Final Written Decision IPR2013-00034

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Takeaway: Patent Owner is not permitted to disavow claim scope within the proceeding itself – referred to by the Board as “same proceeding disavowal.”

In a Final Written Decision primarily driven by claim construction, the Board held that the Petitioner had met its burden of proof with respect to challenged claims 15 and 17 under 35 U.S.C. § 102(b) and claims 2, 5-11, 13, 14, 16, 26, 28-33, 35-37, 39, and 40 under 35 U.S.C. § 103(a). However, the Board held that Petitioner did not meet its burden with respect to claims 12, 27, 34, and 38.
Claim Construction

U.S. Patent 7,970,674 (the ‘674 patent) is related to systems and methods for valuing real estate property.

With regard to the construction of “automatic valuation of a distinguished home,” the Patent Owner argued a narrow interpretation, asserting that automatic valuation was limited to the Automated Valuation Model (AVM) used in assessing property value. The Board disagreed, siding with the Petitioner that the term was not so limited.

In an interesting attempt to hedge its bets, the Patent Owner alternatively indicated that it would expressly disavow “any claim scope of ‘automatic valuation’ that is broader than an AVM, and that the Board should take this express disavowal into account and construe ‘automatic valuation’ as an AVM” – what the Board referred to as “same proceeding disavowal.” The Board, however, agreed with the Petitioner that the proposed same proceeding disavowal would be unfair and confusing especially where the claims could still be amended as in the IPR proceeding.

The Board stated that even if it were permitted to take such disavowals into account, same proceeding disavowals would not be proper “because when claim amendments are available, a patent owner has an opportunity to amend claims to a scope it desires, so as to have the substance of any purported same proceeding disavowal reflected in the claim language expressly.” Such a disavowal together with the ability to amend would deprive the public of adequate notice concerning the scope of the claims.

The Board was not persuaded by the Patent Owner’s citations to cases where a district court relied on statements of disavowal made in pending re-examination proceedings. In those cases, the patent owner could not amend the claims in the same proceeding, whereas in front of the PTAB in an IPR proceeding, claim amendments are possible. The Patent Owner’s citations to other cases concerning pending examination appeals and re-examination proceedings were not persuasive. The Board stated that according to the Federal Circuit, “the PTO is under no obligation to accept a claim construction proffered as a prosecution history disclaimer, which generally only binds the patent owner.” Tempo Lighting, Inc. v. Patent of Tivoli LLC, ___ F.3d ___, 2014 WL 503128, at *4 (Fed. Cir. 2014). In addition, the Board noted that although claim amendments are possible during re-examination, once the re-examination reaches the Board, prosecution is closed and no amendments are allowed.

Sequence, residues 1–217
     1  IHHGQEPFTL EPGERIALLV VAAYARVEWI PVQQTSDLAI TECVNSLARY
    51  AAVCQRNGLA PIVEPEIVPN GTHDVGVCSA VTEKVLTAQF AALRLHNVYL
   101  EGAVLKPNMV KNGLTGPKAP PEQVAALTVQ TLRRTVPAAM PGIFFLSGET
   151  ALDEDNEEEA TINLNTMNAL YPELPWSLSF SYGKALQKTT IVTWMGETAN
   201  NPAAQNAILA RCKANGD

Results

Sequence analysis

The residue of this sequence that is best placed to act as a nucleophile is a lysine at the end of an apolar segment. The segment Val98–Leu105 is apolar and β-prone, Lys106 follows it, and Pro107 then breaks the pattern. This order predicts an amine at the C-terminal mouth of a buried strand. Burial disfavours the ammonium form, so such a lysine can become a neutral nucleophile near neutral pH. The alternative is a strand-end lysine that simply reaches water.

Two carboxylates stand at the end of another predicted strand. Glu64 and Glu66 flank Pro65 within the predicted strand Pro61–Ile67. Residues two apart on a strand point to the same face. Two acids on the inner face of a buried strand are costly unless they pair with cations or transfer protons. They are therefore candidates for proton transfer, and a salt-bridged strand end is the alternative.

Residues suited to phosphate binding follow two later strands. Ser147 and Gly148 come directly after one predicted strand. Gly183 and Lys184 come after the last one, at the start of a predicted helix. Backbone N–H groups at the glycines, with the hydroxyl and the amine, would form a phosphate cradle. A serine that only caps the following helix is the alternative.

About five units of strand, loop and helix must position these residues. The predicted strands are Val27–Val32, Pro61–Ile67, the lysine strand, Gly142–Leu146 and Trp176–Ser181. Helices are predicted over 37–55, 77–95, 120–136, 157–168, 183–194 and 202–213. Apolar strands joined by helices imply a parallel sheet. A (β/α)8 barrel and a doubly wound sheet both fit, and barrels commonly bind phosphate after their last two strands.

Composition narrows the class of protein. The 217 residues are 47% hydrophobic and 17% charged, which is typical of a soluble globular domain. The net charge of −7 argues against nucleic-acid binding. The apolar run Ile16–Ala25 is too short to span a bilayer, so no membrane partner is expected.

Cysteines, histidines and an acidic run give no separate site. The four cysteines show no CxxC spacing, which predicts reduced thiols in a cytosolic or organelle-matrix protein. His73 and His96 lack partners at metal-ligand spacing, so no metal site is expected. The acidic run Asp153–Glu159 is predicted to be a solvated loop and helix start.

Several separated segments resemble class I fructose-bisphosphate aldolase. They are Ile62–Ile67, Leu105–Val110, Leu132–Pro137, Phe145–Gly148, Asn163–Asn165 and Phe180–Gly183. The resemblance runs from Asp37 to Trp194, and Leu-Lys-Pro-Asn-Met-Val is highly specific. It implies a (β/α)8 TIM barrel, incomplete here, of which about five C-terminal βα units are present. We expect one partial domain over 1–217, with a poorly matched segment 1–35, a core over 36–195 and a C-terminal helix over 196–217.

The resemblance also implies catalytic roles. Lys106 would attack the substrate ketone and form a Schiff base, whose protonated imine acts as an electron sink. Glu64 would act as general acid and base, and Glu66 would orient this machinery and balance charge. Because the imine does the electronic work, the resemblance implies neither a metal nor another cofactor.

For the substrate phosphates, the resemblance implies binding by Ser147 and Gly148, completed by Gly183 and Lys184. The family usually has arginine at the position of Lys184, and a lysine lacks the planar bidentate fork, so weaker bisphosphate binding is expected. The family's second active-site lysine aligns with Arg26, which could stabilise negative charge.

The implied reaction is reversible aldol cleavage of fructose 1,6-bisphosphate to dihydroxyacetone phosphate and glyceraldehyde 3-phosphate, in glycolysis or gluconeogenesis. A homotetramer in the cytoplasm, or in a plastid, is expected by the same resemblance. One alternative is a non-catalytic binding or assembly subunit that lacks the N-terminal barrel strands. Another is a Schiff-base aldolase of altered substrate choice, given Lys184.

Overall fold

Thus, the Board held that even if Patent Owner does not avail itself of the opportunity to amend the claims, “it is reasonable to resolve any claim ambiguity against Patent Owner, notwithstanding any same proceeding disavowal.” In the end, the Board essentially held the Patent Owner to the choice it had made as a strategic litigation decision, quoting an exchange that occurred during the oral hearing. According to the Patent Owner, it did not seek to amend the claims because the amendment would amount to an admission that the claims “would not already be construed in that manner,” and that the “claims are in litigation.”

With regard to the term “user knowledgeable about the distinguished home,” the Patent Owner again tried unsuccessfully to disavow broader constructions in attempting to limit the user to an owner or someone with equivalent knowledge. The Board did, however, revisit its earlier construction of that term in light of the specification, revising it to exclude appraisers from the definition.

Board’s Findings Regarding Patentability

Based on the claim constructions, the Board found challenged claims 15 and 17 unpatentable under 35 U.S.C. § 102(b) and claims 2, 5-11, 13, 14, 16, 26, 28-33, 35-37, 39, and 40 unpatentable under 35 U.S.C. § 103(a) – with many of the Patent Owner’s arguments relying upon its unsuccessful claim construction positions. However, the Board held that Petitioner did not meet its burden with respect to claims 12, 27, 34, and 38.

With regard to claim 27, the Board simply held that the Petitioner failed to demonstrate that the prior art disclosed every claim limitation. Concerning claim 12, the Petitioner failed to meet its burden by improperly arguing the function/way/result test to establish the presence of a claim limitation in the prior art when that claim limitation was not a means-plus-function limitation. With respect to claims 34 and 38, the Petitioner failed to meet its burden regarding how the cited references could be combined to meet the claim limitation or why such a combination would be desirable.

Microstrategy, Inc. v. Zillow, Inc., IPR2013-00034
Paper 42: Final Written Decision
Dated: March 27, 2014
Patent 7,970,674
Before: Jameson Lee, Josiah C. Cocks, and Michael W. Kim
Written by: Kim
Related Proceedings: Zillow, Inc. v. Trulia, Inc., Case No. 2:12-cv-1549 (W.D. Wash) and CBM2013-00056